Netflix has the lead in an auction to acquire The Helicopter Heist, with Jake Gyllenhaal attached to star and produce with his Nine Stories Productions partner Riva Marker. The project is based on a manuscript for a yet-to-be-published book written by Swedish author Jonas Bonnier that follows the true story of the the infamous Västberga robbery of 2009 where a gang of brazen robbers used a stolen Bell 206 Jet Ranger to land on the roof of a building and abscond with more than $5 million.
The first trailer was released for Werner Herzog's Salt And Fire starring Michael Shannon and Gael García Bernal in the eco-thriller about a scientist and CEO who must come together as a volcano threatens to explode.
John Grisham’s novel The Rainmaker is in the works at CBS with a put pilot commitment. The story follows a young lawyer right out of college whose life is turned upside-down as he takes on a fraudulent insurance company. It was previously adapted into a film by Francis Ford Coppola starring Matt Damon, Claire Danes, and Danny DeVito.
Showrunners and producers David E. Kelley and Jonathan Shapiro are reuniting for a new legal drama for streaming giant Amazon. Goliath, which launched its eight-episode first season this past week, follows Billy (Billy Bob Thornton) and Donald Cooperman (William Hurt) who play former law partners turned courtroom opponents.
Legal dramas are apparently the latest craze: NBC has put in development Reversible Error, an hourlong legal drama from The Boy Next Door scribe Barbara Curry and Fast & Furious franchise writer Chris Morgan. Written by Curry, Reversible Error follows a former high-powered attorney who is freed from prison after her conviction for murdering her husband is reversed. Now she must piece her shattered life back together and find her husband’s true killer before a vindictive D.A. finds a way to prosecute her again.
Masterpiece will feature a Prime Suspect prequel titled Prime Suspect: Tennison, serving as co-producer alongside ITV Studios and NoHo Film & Television. Created by Lynda La Plante, who wrote the early installments of the original series, the new six-part drama portrays the early career of iconic, tenacious detective Jane Tennison — the role that established Helen Mirren as a household name. Stefanie Martini now stars as the ambitious 22-year-old Jane, a probationary officer in 1970s London who’s starting out in an environment where chauvinism and rule-bending are the norm. No airdate has been announced yet for the show.
After taking on one hot-button issue with the drama Shots Fired which deals with police shootings, Fox is taking on another timely topic: college rape. The network has given a put pilot commitment to Controversy, an investigative thriller drama about a successful crisis-management consultant brought in to advise a university when a co-ed accuses football players of gang-raping her. Facing a crisis of conscience, she partners with a lawyer for the university to seek out the truth.
Scottish novelist Tony Wood’s London-based Buccaneer Media is teaming with Irvine Welsh on the adaptation of Woods' book Crime, with Dougray Scott attached to star in and exec produce the six-part drama. Crime is the sequel to Welsh’s 1998 novel Filth, which was made into a 2013 movie (starring James McAvoy) and is set in Miami with Scott taking on the role of Detective Inspector Ray Lennox who becomes embroiled in a case involving a ring of pedophiles.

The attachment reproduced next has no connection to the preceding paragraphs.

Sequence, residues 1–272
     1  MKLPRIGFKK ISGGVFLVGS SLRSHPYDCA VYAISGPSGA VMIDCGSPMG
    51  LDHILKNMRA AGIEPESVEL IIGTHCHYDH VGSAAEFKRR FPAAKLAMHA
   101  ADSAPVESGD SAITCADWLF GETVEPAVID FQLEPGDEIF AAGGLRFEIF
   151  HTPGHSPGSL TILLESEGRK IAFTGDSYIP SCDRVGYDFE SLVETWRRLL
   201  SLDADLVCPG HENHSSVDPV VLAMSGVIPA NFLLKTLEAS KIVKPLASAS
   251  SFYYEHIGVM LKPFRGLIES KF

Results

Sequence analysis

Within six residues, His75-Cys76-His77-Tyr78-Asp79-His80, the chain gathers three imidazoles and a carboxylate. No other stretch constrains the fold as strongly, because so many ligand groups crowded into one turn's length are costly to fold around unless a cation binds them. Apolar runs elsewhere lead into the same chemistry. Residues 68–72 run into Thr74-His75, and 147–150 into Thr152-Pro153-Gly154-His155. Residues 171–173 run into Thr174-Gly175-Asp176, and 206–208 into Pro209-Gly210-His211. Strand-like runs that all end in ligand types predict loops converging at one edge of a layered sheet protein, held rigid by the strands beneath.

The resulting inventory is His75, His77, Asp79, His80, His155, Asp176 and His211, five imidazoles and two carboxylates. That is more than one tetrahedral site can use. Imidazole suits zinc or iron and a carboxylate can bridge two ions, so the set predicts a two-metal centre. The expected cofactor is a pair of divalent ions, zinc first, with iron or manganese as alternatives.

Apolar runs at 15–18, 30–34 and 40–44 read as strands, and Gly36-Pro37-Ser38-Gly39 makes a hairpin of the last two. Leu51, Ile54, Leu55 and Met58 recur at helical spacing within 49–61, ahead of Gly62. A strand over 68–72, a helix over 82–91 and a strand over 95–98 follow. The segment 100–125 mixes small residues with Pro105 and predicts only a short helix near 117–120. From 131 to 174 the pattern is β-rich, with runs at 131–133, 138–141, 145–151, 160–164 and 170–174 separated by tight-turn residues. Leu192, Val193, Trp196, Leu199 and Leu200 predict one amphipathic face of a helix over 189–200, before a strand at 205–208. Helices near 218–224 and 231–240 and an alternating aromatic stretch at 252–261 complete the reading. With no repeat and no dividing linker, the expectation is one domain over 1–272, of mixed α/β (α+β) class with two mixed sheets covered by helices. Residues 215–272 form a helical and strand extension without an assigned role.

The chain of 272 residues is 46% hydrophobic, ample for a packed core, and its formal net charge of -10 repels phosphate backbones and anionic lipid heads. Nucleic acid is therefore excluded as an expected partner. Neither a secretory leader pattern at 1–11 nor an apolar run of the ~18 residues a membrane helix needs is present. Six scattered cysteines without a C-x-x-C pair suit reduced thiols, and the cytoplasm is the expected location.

Idris Elba is heading to Africa for his next TV series for Brazza, a Narcos-like drama set in the criminal underworld of Brazzaville, the capital of Republic of the Congo. Paul Viragh (Sex & Drugs & Rock & Roll) is attached to write the series, in which a Congolese man living in Paris is forced to return home after his father dies under suspicious circumstances. Back home he gets drawn into a bloody family feud that threatens the country's uneasy truce.
CBS could be breaking new ground for Asian-American actors with Exhibit A, a legal drama from former Castle co-showrunner Alexi Hawley, Hawaii Five-0 co-star Daniel Dae Kim, and Jane The Virgin producer Ben Silverman. The project, written by Hawley, is based on the South Korean series My Lawyer, Mr. Jo, and centers on a disgraced Korean-American prosecutor who finds redemption as a defense lawyer when he pairs with a young idealistic attorney and the two fight for the underdogs of Los Angeles. The show would be a rare U.S. broadcast drama with an Asian lead and the first U.S. drama series outside of the action genre where the main lead is Asian American.
Milo Ventimiglia, one of the stars of the new NBC/20th TV drama This Is Us, has teamed with Royal Pains co-creator Andrew Lenchewski for Kin, a 20th TV-produced drama project which has been set up at Fox with script commitment plus penalty. Written and co-executive produced by Kevin O’Hare, Kin is loosely based on Cundiff’s extended family growing up and will center on a tight-knit Florida law-enforcement family who become the primary suspects in the disappearance of a notorious drug cartel leader following a DEA plane crash.
Graham Norton's debut novel, Holding, is being produced for television by the former boss of EastEnders, Dominic Treadwell-Collins. He's partnering with Blueprint Television, which won the rights to the chat show host's book about a murder in a rural Irish community.
Netflix’s drama Mute has tapped The Leftovers star Justin Theroux to join previously announced cast members Paul Rudd and Alexander Skarsgard in the sci-fi thriller, to be directed by Duncan Jones, who also co-wrote the script with Mike Johnson. Set 40 years in the future, the film centers on a mute bartender (Skarsgard) in a world that has become a roiling city of immigrants, where East crashes against West. His character will be looking for a woman who has disappeared — and when his search takes him deep into the city’s underbelly, an odd pair of American surgeons seem to be the only recurring clue.